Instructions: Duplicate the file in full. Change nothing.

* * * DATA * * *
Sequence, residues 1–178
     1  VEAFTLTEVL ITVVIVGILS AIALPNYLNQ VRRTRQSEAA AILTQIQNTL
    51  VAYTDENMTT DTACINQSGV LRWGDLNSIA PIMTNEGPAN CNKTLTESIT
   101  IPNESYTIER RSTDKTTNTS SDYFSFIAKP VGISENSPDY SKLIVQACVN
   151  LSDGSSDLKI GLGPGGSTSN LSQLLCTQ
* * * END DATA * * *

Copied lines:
Sequence, residues 1–178
     1  VEAFTLTEVL ITVVIVGILS AIALPNYLNQ VRRTRQSEAA AILTQIQNTL
    51  VAYTDENMTT DTACINQSGV LRWGDLNSIA PIMTNEGPAN CNKTLTESIT
   101  IPNESYTIER RSTDKTTNTS SDYFSFIAKP VGISENSPDY SKLIVQACVN
   151  LSDGSSDLKI GLGPGGSTSN LSQLLCTQ